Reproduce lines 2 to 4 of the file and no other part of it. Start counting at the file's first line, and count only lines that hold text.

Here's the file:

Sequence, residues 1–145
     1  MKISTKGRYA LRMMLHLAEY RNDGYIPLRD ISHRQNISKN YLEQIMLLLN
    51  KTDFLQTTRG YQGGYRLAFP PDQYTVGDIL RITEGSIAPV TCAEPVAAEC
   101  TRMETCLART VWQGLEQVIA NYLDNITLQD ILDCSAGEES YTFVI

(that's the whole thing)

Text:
     1  MKISTKGRYA LRMMLHLAEY RNDGYIPLRD ISHRQNISKN YLEQIMLLLN
    51  KTDFLQTTRG YQGGYRLAFP PDQYTVGDIL RITEGSIAPV TCAEPVAAEC
   101  TRMETCLART VWQGLEQVIA NYLDNITLQD ILDCSAGEES YTFVI